The U.S. Senate Finance Committee hauled in seven Big Pharma executives for a hearing Tuesday about the high cost of prescription drugs, and it wasn’t pretty.

Lawmakers talked about people having to ration out their medicines to make them last until the next paycheck, and having to choose between buying prescriptions and putting food on the table. Some senators referenced the illness and death in their own families — as well as the confusing prices that they, too, encountered at the pharmacy.

The bipartisan hearing was an unusual show of lawmaker strength against an industry known for its lobbying might. And although the committee repeatedly stressed that this session was only the beginning of an examination of drug prices, and demanded follow-ups in writing from CEOs, senators did not elicit assurances that any one company would bring down prices on its own.

Sen. Ron Wyden, a Democrat from Oregon and the committee’s ranking member, doled out a list of honors no one would want to win: To Johnson & Johnson, he awarded “the record for flip-flopping” — a reference to price hikes the company announced in January, days after J&J’s CEO said the industry needed to self-police on prices.

“Merck gets second prize for emptiest pricing gesture of 2018,” Wyden said (Pfizer got first in that category).

“It made sweet-sounding promises after coming under criticism, but it cut prices for drugs that provide essentially no revenue to the company,” Wyden said in his prepared remarks. “Left untouched were the cash cows, Keytruda and Januvia, which account for more than a quarter" of revenue for Kenilworth, N.J.-based Merck.

Throughout the hearing, Merck CEO Kenneth Frazier and other executives in the hot seat touted their multi-billion dollar investments in research and development, and warned against European models of negotiating drug prices — even though some conceded that Americans shoulder the costs of pharmaceutical innovation, as other countries pay less for prescriptions.

But the question of how, exactly, to address list prices set by manufacturers remained a sticking point of the three-hour hearing.

“I think you and others in the industry are stonewalling on the key issue, which is actually lowering those list prices,” Wyden said to Pfizer CEO Albert Bourla.

Wyden called out AbbVie for raising the price of a 12-month supply of Humira — a multi-tasking drug that treats arthritis and other conditions — from $19,000 to $38,000 over a six-year period. Wyden said it was “troubling” to see, in AbbVie regulatory filings, that “a portion of CEO Richard Gonzalez’s multi-million dollar bonus was directly tied to sales of Humira.”

Last week, Wyden and Iowa Republican Sen. Chuck Grassley, who chairs the Senate Finance Committee, launched a bipartisan investigation into insulin prices, citing price increases up to 585 percent for the medication used to treat diabetes. The senators have requested information from Eli Lilly, Novo Nordisk, and Sanofi, whose CEO also appeared at the hearing Tuesday.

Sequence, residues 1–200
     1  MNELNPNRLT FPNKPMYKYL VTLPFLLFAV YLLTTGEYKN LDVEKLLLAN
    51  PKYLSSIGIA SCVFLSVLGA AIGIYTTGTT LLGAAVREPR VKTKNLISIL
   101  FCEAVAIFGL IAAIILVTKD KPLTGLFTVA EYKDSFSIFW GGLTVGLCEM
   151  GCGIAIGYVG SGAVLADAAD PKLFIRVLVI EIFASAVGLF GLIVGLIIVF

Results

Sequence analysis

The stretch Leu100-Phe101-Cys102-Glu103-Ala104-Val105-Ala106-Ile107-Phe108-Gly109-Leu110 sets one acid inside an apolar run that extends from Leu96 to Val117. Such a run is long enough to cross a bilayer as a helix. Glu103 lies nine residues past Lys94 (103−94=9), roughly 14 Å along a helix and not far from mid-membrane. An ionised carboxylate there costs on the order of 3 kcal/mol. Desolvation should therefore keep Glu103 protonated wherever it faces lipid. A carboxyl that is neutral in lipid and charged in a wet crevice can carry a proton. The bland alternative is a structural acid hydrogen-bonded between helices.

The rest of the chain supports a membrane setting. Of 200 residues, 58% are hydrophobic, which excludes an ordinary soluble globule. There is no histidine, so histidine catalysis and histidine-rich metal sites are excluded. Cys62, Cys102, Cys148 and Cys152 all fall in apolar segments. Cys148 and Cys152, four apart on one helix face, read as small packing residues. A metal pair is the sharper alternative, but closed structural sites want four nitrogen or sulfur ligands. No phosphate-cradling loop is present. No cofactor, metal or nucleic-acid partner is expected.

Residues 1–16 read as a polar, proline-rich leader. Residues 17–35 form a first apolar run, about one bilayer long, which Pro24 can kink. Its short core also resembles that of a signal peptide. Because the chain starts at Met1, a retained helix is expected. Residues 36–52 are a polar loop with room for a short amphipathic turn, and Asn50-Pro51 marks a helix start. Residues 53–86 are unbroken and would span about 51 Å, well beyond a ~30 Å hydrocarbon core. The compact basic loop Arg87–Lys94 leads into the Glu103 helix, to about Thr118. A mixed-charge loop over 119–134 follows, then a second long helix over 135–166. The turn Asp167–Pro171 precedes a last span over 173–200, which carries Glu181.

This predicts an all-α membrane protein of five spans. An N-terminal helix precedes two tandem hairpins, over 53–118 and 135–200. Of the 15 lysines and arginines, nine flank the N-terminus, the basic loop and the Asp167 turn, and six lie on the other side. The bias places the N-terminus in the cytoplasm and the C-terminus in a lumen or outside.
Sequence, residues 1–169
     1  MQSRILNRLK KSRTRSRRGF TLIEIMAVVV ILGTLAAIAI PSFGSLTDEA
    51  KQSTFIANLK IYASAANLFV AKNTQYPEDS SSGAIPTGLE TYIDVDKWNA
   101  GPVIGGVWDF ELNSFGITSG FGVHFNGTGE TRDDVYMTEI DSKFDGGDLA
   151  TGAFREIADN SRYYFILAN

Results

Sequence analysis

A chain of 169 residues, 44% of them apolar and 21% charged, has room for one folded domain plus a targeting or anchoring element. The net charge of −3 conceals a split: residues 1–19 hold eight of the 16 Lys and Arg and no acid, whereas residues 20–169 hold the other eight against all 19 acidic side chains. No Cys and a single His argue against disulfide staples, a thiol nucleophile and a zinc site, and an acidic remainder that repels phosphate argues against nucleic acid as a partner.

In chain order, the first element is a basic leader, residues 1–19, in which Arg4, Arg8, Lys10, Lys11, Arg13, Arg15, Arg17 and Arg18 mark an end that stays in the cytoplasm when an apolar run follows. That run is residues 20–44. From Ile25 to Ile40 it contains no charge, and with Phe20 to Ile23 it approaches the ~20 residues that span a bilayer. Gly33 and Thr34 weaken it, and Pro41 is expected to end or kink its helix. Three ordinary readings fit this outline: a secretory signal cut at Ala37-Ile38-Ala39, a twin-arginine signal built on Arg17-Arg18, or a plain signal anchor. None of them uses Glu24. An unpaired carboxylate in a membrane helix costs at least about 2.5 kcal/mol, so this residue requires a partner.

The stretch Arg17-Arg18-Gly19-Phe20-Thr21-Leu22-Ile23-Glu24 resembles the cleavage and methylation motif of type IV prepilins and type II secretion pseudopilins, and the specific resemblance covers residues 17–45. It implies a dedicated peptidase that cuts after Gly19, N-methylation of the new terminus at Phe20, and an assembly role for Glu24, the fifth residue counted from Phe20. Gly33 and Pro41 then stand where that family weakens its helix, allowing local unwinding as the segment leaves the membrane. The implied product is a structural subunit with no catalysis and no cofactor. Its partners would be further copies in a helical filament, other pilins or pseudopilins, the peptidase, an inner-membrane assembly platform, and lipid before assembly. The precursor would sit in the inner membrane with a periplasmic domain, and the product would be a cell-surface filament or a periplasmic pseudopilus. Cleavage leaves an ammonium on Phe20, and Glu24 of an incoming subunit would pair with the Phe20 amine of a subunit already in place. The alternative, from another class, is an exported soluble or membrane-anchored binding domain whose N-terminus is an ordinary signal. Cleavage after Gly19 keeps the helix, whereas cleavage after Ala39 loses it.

The companies present also included Wilmington-based AstraZeneca, and Bristol-Myers Squibb.

Sen. Bob Menendez (D., N.J.) offered what he called a “friendly warning” that “it’s time to be proactive." If the industry does not take meaningful action to reduce prices, “policymakers are inevitably going to do it for you,” Menendez said.

Menendez asked the executives whether any of them used part of their corporate tax breaks to reduce prices. Frazier, whose company is headquartered in Menendez’s state, gave one of the more direct answers. “Senator, our effective tax rate went up from 19.1 to 19.8.”

Sen. Tom Carper (D., Del.) relayed that his wife’s mother died when she was a child, and said the loss still hurt. “For all of us, this is personal and it’s political, and it’s economic,” he said.

He said he was looking for consensus on points such as increasing industry-wide transparency for how drug companies set prices, and eliminating the rebates paid to pharmacy benefit managers — a cost that drug makers often blame for driving up prices for consumers.

Both Frazier and Johnson & Johnson executive vice president Jennifer Taubert said they would support such measures.

As the hearing wrapped up, Wyden said he’d heard “a lot of happy talk” — for example, about getting rid of rebates — but that “no firm commitments have been made to lower list prices.”

"If rebates go away, will you support a black letter law that requires that you reduce list prices by the amount of the rebate,” Wyden continued. He said he wanted an answer in writing within 10 days.

A few minutes later, Frazier said he could understand “why patients are frustrated,” but stressed that the “system itself is complex and it is interdependent."

“No one company can lower list prices,” he said.